The EF50 the tube that helped to win the War

The history of a pioneering tube that was developed by Philips Research and that was, next to the magnetron, The most important tube from World War II  The radio valve factory of Philips in Eindhoven was the scene of unusual tension and activity in the evening of the 9th of May 1940. The Germans had been building up an enormous armed force near
The EF50 the tube that helped to win the War - schematic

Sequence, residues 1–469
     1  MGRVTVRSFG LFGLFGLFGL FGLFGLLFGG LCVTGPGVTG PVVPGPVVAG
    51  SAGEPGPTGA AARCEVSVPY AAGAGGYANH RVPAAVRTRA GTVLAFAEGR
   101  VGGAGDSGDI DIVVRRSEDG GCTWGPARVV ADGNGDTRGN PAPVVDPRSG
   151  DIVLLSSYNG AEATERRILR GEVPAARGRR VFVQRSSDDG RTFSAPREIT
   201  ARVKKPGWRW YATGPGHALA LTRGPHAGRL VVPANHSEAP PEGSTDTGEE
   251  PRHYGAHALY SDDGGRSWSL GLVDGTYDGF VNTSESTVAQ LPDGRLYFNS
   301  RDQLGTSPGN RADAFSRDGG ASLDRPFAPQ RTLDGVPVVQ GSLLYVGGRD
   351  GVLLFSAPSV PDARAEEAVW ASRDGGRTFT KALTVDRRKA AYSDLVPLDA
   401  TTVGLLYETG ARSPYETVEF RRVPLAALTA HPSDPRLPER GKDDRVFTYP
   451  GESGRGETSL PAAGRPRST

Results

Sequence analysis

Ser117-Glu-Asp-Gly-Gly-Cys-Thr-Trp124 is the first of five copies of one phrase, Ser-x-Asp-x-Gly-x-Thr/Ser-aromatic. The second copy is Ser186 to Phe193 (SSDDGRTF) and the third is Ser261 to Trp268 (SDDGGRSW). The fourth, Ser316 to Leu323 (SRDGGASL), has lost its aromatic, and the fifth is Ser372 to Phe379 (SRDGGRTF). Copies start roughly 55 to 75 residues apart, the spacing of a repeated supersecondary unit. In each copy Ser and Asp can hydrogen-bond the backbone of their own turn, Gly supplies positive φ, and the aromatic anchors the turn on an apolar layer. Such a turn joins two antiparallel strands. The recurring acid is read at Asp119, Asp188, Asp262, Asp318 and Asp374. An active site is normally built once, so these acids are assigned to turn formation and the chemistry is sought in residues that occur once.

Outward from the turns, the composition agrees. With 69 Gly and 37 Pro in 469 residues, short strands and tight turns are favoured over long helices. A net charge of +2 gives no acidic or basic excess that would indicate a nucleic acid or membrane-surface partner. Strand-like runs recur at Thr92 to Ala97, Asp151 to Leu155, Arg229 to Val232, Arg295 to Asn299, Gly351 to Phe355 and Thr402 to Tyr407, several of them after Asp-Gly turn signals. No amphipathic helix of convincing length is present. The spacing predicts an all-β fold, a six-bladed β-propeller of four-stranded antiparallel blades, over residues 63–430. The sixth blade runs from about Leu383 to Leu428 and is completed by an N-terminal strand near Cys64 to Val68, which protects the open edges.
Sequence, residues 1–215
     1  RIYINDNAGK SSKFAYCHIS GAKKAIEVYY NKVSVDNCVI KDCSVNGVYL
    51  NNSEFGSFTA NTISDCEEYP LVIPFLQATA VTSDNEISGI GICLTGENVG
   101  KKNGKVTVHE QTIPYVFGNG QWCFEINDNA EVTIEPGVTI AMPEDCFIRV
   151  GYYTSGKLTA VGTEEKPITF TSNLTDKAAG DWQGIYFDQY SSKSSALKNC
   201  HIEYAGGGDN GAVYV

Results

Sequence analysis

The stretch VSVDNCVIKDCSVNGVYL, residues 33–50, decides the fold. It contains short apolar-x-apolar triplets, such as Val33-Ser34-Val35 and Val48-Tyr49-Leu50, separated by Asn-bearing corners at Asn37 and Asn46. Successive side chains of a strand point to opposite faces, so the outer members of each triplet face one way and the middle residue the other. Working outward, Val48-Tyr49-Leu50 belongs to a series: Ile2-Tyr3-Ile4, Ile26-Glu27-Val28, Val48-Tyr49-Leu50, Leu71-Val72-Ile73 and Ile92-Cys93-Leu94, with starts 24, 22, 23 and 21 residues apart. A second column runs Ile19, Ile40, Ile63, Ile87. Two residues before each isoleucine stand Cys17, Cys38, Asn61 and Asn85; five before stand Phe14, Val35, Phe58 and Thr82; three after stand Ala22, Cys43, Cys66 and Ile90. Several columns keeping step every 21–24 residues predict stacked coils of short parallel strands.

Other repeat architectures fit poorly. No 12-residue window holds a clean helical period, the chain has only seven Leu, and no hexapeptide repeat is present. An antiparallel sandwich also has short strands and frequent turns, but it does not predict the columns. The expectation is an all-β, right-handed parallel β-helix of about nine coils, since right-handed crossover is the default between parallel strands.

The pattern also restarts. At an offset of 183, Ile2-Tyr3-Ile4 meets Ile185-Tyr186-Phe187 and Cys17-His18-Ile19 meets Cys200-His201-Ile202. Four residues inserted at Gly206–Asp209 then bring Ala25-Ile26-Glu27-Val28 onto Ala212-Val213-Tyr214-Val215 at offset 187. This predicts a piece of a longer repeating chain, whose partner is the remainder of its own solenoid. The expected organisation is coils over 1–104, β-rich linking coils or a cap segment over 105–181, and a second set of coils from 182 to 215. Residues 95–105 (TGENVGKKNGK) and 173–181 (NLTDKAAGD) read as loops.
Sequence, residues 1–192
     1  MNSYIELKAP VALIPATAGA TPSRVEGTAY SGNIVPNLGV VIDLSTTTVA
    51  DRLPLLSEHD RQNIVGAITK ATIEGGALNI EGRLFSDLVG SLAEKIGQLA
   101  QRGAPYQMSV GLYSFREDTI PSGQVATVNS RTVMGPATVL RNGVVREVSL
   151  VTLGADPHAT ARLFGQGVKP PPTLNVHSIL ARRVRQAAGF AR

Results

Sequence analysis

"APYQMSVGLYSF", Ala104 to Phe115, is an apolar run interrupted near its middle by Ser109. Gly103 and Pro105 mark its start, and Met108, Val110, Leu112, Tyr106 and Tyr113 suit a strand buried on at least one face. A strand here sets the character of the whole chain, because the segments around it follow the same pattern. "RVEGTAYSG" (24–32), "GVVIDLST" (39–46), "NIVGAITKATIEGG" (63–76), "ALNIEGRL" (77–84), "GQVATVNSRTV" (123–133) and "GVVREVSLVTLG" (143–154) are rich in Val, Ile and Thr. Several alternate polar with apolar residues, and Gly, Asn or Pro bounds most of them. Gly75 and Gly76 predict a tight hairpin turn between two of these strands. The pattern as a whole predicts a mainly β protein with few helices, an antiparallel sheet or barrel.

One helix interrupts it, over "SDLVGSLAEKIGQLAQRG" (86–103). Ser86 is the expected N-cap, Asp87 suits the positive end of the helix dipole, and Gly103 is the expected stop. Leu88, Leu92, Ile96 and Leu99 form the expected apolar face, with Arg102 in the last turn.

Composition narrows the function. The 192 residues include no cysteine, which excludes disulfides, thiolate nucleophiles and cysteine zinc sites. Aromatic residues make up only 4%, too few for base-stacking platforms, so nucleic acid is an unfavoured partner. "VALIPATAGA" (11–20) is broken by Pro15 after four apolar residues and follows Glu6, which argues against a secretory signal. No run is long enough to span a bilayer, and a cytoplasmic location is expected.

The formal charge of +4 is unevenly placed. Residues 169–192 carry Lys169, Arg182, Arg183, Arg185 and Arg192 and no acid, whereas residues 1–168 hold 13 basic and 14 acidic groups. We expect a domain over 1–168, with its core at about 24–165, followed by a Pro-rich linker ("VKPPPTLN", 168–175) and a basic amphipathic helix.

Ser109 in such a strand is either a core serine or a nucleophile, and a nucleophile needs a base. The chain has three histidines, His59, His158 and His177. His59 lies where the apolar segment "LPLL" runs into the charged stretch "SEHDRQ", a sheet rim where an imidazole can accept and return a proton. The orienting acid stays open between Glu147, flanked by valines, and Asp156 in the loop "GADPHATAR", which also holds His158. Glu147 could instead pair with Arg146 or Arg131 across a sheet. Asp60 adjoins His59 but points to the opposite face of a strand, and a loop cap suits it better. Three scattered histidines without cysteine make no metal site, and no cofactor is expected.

the Dutch-German border, and the people in Holland realized that it was only a matter of time before the Germans would invade their country. This threat was in itself enough to give the nice spring evening an almost unreal and un-earthy atmosphere. On top of that, for the past two months the factory had been working frantically to produce an enormous amount of radio valve components for an unknown customer with an unknown application. Duplicates of special machines to make these components had been hurriedly put together and all these components and machines were now loaded into a truck that that same evening left for the Dutch coast with England as destination. When the truck left the gate of the Philips plant nobody knew that hours later, at 5:30 the Germans would indeed invade Holland. Certainly nobody of those workers, who as the sun set waved the truck good-by, could have imagined that that truck was actually carrying components which were vital to their liberation five years later! As by miracle the truck made it to England although the ferry which carried it was bombarded by German airplanes. These dramatic events marked the start of the life of a radio tube that, not only would play an important role in the outcome of the upcoming war, but that also would be the mother of all modern all-glass radio tubes. The EF50 RF penthode constitutes a landmark in the history of the radio tube. Before the EF50, all radio tubes...

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